Monday, December 24, 2018

Nepal-India-Bangladesh power trade, soft loans for returning migrants and recurring banking crisis

From The Kathmandu Post: India for the first time has given explicit recognition to the tripartite arrangement in cross-border trading of electricity, paving the way for Nepal to export surplus electricity to Bangladesh via Indian transmission lines. Introducing new guidelines on cross-border trading of electricity, the Indian Power Ministry included a provision under which two countries having a bilateral agreement with the Indian government can trade electricity between them through Indian power lines after entering into agreement with the Indian government owned-Central Transmission Utility.

While issuing guidelines on cross-border electricity trade for the first time in 2017, the Indian Power Ministry had failed to recognise a possible trilateral arrangement among two countries and India. But the recently introduced guidelines by India after withdrawing the old one issued in 2017, according to the experts, provide an opportunity to its neighbouring countries— Bangladesh and Nepal—to trade electricity between them via Indian territory.

The Indian government has also removed the discriminatory provision included in the older guidelines, under which Nepali-based hydropower projects which are owned by the Indian government or have a majority Indian share were only allowed to export power to India.

>>Here is an earlier story on the same issue. 
>> Here is the full text: Guidelines for Import/Export (Cross Border) of Electricity-2018

Soft loan attracts migrant workers

From The Kathmandu Post: The government’s bid to retain migrant returnees has received an encouraging response with more and more workers applying for the financial assistance introduced to engage them in occupations within the country. Nearly 3,000 youths who are experienced in foreign jobs have applied for a soft loan since the scheme was launched on November 22. Under the scheme, skilled migrant workers who returned to the country within the past three years can apply for a soft loan of up to Rs1 million.

According to board officials, there have been 200 applicants for financial grants and the number is likely to surge before the December 14 deadline. Applicants can apply online or submit documents to the board office. For accessing financial support from the government, applicants should submit a clear business plan along with necessary documents certifying their experience and skill in a particular sector. However, not many candidates have submitted concrete business plans that would increase their chances of getting the support, Shrestha told the Post. A large number of applicants have only mentioned what they would be doing with the fund they will receive.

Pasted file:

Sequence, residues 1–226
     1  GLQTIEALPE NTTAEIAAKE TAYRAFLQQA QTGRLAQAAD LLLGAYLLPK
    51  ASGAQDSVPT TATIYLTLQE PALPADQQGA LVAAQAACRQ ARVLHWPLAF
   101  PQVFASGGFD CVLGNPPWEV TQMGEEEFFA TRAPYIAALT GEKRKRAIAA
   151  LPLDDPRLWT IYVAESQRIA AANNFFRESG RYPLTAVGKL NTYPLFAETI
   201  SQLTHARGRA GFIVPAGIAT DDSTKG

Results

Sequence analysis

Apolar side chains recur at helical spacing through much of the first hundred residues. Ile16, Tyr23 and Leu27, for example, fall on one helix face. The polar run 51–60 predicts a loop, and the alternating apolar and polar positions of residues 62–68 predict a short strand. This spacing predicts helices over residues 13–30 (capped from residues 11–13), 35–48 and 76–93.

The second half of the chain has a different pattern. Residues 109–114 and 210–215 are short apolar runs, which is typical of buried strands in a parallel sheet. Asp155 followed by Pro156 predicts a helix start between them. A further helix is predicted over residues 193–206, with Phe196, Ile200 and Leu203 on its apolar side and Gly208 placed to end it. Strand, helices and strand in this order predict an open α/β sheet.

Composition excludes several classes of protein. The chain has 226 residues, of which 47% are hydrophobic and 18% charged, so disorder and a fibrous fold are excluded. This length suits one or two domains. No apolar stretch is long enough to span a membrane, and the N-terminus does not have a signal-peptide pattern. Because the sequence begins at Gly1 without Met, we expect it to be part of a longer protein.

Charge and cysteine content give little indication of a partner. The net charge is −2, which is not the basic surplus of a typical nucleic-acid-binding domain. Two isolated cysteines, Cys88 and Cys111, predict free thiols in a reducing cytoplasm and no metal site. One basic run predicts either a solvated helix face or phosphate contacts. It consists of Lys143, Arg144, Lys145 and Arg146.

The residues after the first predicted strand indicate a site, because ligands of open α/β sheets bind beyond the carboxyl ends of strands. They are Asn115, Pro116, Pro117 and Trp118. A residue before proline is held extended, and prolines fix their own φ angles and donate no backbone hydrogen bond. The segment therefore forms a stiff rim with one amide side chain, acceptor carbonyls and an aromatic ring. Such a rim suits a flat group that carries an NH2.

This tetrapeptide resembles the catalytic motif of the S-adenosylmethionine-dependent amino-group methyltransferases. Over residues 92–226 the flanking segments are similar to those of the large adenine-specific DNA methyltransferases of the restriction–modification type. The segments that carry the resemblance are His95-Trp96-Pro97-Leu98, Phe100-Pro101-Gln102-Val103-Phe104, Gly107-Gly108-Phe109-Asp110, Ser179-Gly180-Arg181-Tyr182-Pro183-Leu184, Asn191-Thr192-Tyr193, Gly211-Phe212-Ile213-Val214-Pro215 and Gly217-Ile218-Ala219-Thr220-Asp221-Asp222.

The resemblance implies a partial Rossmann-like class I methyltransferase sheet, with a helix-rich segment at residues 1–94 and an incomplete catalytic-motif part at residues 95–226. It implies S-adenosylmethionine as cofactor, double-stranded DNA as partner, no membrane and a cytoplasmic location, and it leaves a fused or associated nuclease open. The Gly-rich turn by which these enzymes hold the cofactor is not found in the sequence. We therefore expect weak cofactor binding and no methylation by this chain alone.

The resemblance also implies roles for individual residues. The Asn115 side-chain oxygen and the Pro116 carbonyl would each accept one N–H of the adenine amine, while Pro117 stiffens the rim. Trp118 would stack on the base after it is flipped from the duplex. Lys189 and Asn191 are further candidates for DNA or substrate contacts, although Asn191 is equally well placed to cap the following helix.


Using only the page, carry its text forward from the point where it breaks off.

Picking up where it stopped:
The foreign employment promotion board has sought a detailed business plan that would clearly mention how the enterprise would operate, the number of people to be involved in the business, and how the business would utilize their own skills. The board has not specified any sector in which it wants the fund recipients to invest or start their business.

Bankers agree to bring down deposit rate

From The Himalayan Times: Owing to pressure from Nepal Rastra Bank (NRB) and the government, Nepal Bankers’ Association (NBA) — the umbrella organisation representing 28 commercial banks of Nepal — has decided to cap the interest rate on savings, individual fixed deposits and institutional fixed deposits. The NBA meeting today decided to cap interest rate on savings at 6.5 per cent, on individual fixed deposit at 9.25 per cent and 8.5 per cent for institutional fixed deposits. The NBA decision will come into effect from Friday itself. 

The banking sector started witnessing massive interest rate volatility after the commercial banks began waging an interest rate war by offering higher rates to lure depositors by ditching their ‘gentlemen’s agreement’ on interest rates three weeks ago.

Previously, NBA had agreed upon to limit interest rate on savings to seven per cent and 10 per cent each on individual fixed deposit and institutional fixed deposit. However, some banks had started accepting fixed deposits at up to 13 per cent interest rate lately after the NBA agreement was ditched. Following such instability in the bank interest rate, the central bank had directed commercial banks to bring down the interest rate on deposits.

Moreover, a study committee of the government had submitted its report to the Ministry of Finance today recommending the central bank to scrap the provision of adding 0.75 percentage point as return on assets in the formula to derive the base rate. The suggestion aimed at bringing down the base rate of banks and subsequently the lending rate. The base rate is the minimum rate at which banks and financial institutions can disburse credit to borrowers.

>>Here are two recent articles on financial sector: errant NRB, and they had it coming